A Small Cottage Near Campus, Once Home to Edgar Allen Poe


Edgar Allen Poe's past residence lies just a few minutes from Fordham's campus. It is rumoed that much of his work was inspired by Fordham's campus. Hal Dick/ Flickr

Edgar Allen Poe's past residence lies just a few minutes from Fordham's campus. It is rumoed that much of his work was inspired by Fordham's campus. Hal Dick/ Flickr
Edgar Allen Poe’s past residence lies just a few minutes from Fordham’s campus. It is rumoed that much of his work was inspired by Fordham’s campus. Hal Dick/ Flickr

By Joe Vitale

Though many students may have encountered his writing ­— “The Raven” and “The Cask of Amontillado” still find their way onto many college reading lists — few at Fordham know much about Edgar Allen Poe himself, or that his former home lies within walking distance of the Rose Hill campus.

The poet and short-story pioneer’s former residence, aptly named Poe’s Cottage, was built around 1800 and is the last remaining building of what was then Fordham Village. Nestled between Kingsbridge Road and Grand Concourse, the landmark is part of the Historic House Trust and is listed on the National Register of Historic Places.

Today, the cottage sits about 500 feet north of the original location after being moved following a fight for its preservation in 1913. Administered by the Bronx County Historical Society, Poe’s Cottage underwent a half-million dollar renovation in 2011 and is open to the public.

The landmark is one of several locations along the East coast where Poe, born in 1809, spent much of his life. He bounced around various apartments in Manhattan but leased the Bronx cottage for $100 a year when his wife, Virginia, fell ill in 1844. He hoped the country air of the area would restore her health and so he decided to head outside the city’s center.
Despite living in many cities throughout his life (Baltimore and Philadelphia among them), Poe’s landmarked home near Fordham remains one of the most interesting and telling of Poe’s life.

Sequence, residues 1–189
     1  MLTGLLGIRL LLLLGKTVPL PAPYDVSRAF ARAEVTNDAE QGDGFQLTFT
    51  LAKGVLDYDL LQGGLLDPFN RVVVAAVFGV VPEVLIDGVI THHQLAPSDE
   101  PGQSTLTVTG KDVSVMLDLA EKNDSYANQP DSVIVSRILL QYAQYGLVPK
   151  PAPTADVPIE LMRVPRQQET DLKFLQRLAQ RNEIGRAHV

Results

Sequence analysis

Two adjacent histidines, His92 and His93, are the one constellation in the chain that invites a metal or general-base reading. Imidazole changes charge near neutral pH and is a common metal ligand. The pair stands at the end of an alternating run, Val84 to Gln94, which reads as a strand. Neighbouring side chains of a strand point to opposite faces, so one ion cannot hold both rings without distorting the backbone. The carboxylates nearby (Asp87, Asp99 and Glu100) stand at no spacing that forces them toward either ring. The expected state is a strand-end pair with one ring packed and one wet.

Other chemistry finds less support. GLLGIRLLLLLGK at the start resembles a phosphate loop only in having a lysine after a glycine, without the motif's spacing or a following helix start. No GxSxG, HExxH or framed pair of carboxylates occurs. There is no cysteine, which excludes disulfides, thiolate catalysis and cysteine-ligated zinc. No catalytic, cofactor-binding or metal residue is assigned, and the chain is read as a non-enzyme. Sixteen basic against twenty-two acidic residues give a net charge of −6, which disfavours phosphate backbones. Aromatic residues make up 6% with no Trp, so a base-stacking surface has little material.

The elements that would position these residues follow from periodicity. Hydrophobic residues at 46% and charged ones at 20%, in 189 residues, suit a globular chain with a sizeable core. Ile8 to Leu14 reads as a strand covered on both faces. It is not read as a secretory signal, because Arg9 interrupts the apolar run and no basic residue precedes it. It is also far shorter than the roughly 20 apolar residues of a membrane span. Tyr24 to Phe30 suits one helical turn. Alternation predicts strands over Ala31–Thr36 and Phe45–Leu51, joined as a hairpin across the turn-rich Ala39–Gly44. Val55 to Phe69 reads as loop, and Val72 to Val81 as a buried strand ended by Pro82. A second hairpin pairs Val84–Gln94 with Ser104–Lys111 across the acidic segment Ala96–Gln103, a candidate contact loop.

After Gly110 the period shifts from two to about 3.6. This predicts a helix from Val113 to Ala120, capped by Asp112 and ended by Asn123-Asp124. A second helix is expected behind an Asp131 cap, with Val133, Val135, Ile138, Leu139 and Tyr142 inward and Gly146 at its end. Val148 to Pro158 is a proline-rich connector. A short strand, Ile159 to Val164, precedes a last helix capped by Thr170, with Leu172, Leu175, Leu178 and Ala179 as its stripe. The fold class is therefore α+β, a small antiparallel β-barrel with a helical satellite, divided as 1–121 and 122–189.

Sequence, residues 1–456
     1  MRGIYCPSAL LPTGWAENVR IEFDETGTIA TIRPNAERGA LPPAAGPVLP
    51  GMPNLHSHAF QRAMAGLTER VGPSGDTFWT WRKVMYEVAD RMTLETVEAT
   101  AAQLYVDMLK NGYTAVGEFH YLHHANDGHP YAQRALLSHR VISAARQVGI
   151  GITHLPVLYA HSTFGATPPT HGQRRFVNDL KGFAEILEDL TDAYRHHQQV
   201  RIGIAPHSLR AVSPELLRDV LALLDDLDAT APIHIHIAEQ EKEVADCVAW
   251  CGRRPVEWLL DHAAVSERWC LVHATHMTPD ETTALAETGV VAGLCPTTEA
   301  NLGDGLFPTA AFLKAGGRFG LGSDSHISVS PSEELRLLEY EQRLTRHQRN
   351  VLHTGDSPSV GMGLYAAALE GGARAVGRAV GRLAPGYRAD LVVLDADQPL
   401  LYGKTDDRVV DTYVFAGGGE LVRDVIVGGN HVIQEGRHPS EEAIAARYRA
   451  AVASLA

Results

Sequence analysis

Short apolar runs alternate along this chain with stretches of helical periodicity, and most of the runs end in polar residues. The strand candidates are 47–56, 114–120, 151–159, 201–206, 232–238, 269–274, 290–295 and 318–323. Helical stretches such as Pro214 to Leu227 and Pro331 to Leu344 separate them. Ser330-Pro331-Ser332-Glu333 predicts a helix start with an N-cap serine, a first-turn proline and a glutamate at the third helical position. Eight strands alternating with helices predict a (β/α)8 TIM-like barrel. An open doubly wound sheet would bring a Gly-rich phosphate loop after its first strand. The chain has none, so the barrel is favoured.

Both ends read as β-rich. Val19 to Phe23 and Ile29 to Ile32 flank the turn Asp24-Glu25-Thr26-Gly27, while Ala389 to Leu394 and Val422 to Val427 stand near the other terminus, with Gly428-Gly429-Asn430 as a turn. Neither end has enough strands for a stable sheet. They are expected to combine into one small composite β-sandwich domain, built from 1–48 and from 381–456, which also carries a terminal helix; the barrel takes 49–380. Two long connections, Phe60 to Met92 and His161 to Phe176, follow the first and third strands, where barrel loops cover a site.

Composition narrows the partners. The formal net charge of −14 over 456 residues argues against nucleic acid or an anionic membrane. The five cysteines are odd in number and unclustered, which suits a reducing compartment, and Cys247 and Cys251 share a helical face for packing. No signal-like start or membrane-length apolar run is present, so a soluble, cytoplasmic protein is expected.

It is filled with loss, being where his wife died of illness, serving as inspiration to the poem “Annabel Lee.” It is also filled with loneliness, being a place where Poe spent hours sitting alone with the family cat perched on his shoulder. The cottage not only served as a historical source of inspiration for Poe, but has served a source of inspiration to many others because of him.

Sparsely furnished, the cottage contains a main floor and an attic bedroom with a ceiling about six feet in height. When Poe lived there, much of the Bronx was yet to be developed, granting him unobstructed views of the city.

“The cottage had an air of taste and gentility,” a friend of Poe’s later wrote of the cottage. “So neat, so poor, so unfurnished, and yet so charming a dwelling I never saw.”

The shores of Long Island were visible from the cottage, as was the grounds of Fordham’s campus (then St. John’s University), where he spent time wandering the bucolic grounds and befriending the Jesuits who were living and teaching there.

Still, the cottage is where he wrote some of his most important works, including “The Bells,” “Annabel Lee” and “Eureka.” It is also credited with the inspiration of his last short story, “Landor’s Cottage.”

Though it is debated, some scholars believe that Poe drew inspiration from the campus for some of his most famous works. Some, for example, credit the inspiration for “The Bells” to Fordham’s campus bells. Tradition has it that Poe was speaking with a woman named Marie Louise Shew when he said he no longer had any inspiration. Sitting in the cottage, Shew suggested he listen to the bell chiming in the distance — the bell ringing from Fordham’s campus.

The campus not only served as inspiration but provided Poe with much-needed companionship. Some of Poe’s time on campus is recalled in Fordham: A History and Memoir by Fr. Ray Schroth, S.J. Poe, Scroth writes, thought St. John’s University was a “most congenial place.” Poe often found great solace in long walks near his home and they often led him to the gates of campus.

His time on campus brought him close to one Jesuit in particular, named Edward Doucet, who was in his 20’s when he met the poet, according to Schroth. The two often strolled around campus as Poe consulted Doucet about his works.

The Jesuits would allow Poe to peruse their library, where he would often stay for hours. While Poe was not wealthy or widely -known, the Jesuits knew of his literary brilliance and welcomed him with open arms.

The gesture was not unrequited. Of the Jesuits, Poe once said they were “highly cultivated gentlemen and scholars.”
“They smoked and they drank and played cards,” Poe said, “and never said a word about religion.”